Maybe Georgia was behind the bombings, Russia says
By Gvantsa Gabekhadze
Thursday, April 1
Russia does not exclude the possibility that Georgia had a connection with the 29 March terrorist blasts in the Moscow Metro, said Secretary of Russia’s National Security Council Nikolai Patrushev on March 31.
About 40 people were killed and 65 wounded in the bombings. The first blast occurred at the central Lubyanka metro station at 07:56 and the second at Park Kultury at 08:38. They are being treated as suicide bombings and the Russian Government is blaming the Chechens; however the Chechens themselves are accusing the Russian PM Vladimir Putin of killing his own citizens to improve his opinion poll ratings.
“We have information that some Georgian special services personnel have contact with terrorist organisations in the North Caucasus. We have to check this information following the suicide bombings carried out in Moscow. President of Georgia Mikheil Saakashvili is unpredictable, he started a war once and may do it again. Unfortunately a number of countries provide him with assistance, including military assistance, which we maintain is unacceptable,” Patrushev said.
This statement has been supported by Russian Deputies. "I have always stated that the threat of terrorism against Russia comes not from Iraq or Afghanistan but from Georgia. I have no doubt that the Georgian Government is giving military assistance to the North Caucasians. We appeal to the United States to use its influence to persuade Mikheil Saakashvili to stop conducting such activities. If the US does not do so, we might cease collaborating with the United States on the Afghanistan issue,” member of the Russian Duma Simon Bagdasarov has said.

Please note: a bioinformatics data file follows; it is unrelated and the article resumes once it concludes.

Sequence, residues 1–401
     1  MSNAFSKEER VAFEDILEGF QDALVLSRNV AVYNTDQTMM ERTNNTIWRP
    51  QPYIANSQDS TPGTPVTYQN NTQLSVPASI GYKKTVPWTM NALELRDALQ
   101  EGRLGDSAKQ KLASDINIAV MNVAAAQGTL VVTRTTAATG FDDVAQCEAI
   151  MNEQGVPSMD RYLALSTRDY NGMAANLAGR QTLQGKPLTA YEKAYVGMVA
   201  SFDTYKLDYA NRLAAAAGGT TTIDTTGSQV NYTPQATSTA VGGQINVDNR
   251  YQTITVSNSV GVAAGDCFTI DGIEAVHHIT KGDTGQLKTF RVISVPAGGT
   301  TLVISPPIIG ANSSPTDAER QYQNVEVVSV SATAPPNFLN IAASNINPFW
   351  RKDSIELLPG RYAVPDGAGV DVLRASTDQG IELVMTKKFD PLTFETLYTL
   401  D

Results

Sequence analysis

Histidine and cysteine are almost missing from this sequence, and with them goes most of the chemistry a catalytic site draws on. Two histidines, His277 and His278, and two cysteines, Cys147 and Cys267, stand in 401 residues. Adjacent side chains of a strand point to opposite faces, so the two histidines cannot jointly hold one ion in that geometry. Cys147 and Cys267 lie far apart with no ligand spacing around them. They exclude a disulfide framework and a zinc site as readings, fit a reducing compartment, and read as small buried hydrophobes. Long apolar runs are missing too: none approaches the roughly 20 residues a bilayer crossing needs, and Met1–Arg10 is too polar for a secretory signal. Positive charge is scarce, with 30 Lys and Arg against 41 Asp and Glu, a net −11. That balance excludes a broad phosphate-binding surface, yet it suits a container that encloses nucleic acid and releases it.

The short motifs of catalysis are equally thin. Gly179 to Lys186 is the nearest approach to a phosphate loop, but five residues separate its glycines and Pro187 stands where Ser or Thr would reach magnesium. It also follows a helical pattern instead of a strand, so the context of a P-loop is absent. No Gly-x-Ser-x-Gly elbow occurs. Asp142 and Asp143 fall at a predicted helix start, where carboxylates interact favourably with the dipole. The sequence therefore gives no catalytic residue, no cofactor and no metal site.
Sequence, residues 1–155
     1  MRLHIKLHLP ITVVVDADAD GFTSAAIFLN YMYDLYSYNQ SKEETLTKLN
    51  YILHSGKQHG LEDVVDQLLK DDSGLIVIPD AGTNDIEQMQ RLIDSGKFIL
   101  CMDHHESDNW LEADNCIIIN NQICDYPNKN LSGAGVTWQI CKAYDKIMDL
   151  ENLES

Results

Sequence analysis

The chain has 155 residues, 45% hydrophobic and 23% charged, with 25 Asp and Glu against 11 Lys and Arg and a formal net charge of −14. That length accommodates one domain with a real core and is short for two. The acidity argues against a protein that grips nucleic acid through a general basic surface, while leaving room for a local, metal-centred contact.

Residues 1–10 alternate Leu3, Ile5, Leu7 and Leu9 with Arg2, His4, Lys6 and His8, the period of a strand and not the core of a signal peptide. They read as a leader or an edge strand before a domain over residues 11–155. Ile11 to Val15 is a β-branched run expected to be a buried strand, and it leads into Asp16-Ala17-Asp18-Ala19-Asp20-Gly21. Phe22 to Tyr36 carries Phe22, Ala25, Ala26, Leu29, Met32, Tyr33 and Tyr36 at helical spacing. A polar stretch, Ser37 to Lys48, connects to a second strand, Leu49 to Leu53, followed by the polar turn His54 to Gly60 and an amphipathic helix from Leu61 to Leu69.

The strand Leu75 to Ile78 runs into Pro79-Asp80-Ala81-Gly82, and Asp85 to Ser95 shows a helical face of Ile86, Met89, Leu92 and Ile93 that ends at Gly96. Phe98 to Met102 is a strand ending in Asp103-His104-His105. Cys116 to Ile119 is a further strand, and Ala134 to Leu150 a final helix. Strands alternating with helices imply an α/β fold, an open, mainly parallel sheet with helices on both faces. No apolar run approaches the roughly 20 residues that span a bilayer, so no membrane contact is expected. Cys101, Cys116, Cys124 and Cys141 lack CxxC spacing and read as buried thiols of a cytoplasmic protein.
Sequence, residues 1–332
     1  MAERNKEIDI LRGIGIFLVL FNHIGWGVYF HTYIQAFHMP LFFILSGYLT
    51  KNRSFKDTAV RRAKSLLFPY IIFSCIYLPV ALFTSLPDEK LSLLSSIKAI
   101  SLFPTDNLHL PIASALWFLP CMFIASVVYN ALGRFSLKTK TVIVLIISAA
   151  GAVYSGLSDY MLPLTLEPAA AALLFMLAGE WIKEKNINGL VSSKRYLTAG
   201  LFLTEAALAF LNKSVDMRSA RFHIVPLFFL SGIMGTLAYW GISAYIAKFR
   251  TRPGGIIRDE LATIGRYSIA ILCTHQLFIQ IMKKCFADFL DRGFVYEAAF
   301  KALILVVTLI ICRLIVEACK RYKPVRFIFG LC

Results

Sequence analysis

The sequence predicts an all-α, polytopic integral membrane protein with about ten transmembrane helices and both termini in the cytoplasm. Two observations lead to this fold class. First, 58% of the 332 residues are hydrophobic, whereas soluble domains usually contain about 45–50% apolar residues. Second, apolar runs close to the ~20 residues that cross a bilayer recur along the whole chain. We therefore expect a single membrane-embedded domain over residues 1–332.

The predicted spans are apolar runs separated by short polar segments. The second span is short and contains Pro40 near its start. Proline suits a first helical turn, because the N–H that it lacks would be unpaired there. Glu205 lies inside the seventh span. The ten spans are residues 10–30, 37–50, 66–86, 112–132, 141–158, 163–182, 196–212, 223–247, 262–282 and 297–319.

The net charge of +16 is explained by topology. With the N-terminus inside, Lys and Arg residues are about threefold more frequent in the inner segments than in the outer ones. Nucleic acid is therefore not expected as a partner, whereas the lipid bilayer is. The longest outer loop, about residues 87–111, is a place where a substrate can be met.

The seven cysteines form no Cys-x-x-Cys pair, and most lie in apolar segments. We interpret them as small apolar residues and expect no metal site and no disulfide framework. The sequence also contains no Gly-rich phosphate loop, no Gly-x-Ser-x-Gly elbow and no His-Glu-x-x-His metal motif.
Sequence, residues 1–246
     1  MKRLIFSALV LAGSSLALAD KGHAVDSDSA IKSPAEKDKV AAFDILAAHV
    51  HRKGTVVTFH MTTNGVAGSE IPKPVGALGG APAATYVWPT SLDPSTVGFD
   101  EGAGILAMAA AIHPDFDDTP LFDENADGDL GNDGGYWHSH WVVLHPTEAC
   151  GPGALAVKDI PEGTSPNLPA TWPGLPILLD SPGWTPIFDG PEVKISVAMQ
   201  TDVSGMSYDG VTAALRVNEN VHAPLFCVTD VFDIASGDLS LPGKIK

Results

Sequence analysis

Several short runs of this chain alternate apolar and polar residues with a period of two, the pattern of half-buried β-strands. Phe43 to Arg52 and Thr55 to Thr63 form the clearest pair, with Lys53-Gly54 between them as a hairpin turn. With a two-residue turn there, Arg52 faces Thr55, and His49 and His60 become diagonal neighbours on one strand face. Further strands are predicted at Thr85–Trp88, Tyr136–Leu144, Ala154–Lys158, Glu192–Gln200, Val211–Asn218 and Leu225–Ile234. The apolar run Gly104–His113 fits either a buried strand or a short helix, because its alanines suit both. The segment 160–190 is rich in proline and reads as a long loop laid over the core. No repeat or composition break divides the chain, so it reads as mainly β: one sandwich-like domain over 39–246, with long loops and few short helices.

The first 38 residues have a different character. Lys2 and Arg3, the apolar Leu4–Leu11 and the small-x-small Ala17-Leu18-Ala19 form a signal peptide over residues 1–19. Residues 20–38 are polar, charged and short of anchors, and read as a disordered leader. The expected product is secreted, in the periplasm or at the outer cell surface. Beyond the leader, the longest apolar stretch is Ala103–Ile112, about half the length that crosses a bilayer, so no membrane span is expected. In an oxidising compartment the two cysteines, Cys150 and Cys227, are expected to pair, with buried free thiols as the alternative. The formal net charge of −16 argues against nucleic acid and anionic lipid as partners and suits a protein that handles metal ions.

The Georgian Government has called Patrushev’s statement an attempt to discredit Georgia. "The Georgian authorities have always condemned, do condemn and will always condemn terrorism, even if it takes place in our adversary’s camp. We hope that instead of pointing fingers, the Russians will actually investigate this matter and find out who was behind these terrorist acts. If they have some evidence pointing to us, let them just state it, we are ready to cooperate. As for the North Caucasus, this is not a problem for Russia alone, as we do not want large scale operations beginning in those regions, which will trigger an influx of refugees into Georgia,” Minister of Refugees Temur Iakobashvili stated, adding that it has become a tradition for the Russian Government to blame Georgia for any bad thing which occurs on Russian territory. Deputy Foreign Minister Davit Jalaghania said that this statement has two aims. "The first is that Patrushev and The Kremlin are trying to hide their professional incompetence and the second is that it will justify restricting the freedom of their citizens, repressions of their political rivals, killing thousands of innocent people in the North Caucasus and aggression against neighbouring countries. The international community will not take this statement seriously, as Georgia is actively involved in international anti-terrorist activities,” Jalagania stated.
The Georgian opposition consider the Russian allegation extremely dangerous for Georgia’s security. "This statement can be discussed only in political terms. The Russian Government might use it to start another war in Georgia. The Christian Democrats appeal to the President of Georgia to call a special Security Council meeting on this issue and to the Foreign Ministry to undertake urgent threat prevention activities with our partner countries and organisations,” Nika Laliashvili, from Christian Democratic Movement, said.
Analysts agree that the statement can be considered one more attempt to reduce Georgia’s reputation in the eyes of the West and the United States which will not produce any significant result. "It is a Russian custom to shift the blame for its actions onto others. The most important thing Georgia can now do is actively involve itself in investigating this terrorist act as transparently as possible. After concluding its investigation the Georgian Government should present its results publicly," Mamuka Areshidze suggested.
Members of the European Parliament visiting Moscow at the present moment have also commented on Russia's allegation of a possible Georgian connection to the bombings. They stated that making such statements before an investigation has been concluded is not right and Patrushev’s suggestion of Georgia involvement is not acceptable for them.